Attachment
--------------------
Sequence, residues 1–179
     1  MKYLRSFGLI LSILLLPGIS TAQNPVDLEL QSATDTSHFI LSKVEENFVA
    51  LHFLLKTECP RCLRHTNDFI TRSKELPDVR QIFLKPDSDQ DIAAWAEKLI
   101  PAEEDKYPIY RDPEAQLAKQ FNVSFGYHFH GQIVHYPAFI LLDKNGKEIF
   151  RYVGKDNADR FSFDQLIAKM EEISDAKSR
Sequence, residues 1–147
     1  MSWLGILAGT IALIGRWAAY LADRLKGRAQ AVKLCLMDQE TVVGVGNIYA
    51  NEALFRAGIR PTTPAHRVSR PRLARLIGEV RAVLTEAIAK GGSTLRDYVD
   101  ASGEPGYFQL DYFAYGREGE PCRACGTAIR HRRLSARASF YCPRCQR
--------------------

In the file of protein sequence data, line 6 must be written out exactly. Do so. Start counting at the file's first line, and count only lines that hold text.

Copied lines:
Sequence, residues 1–147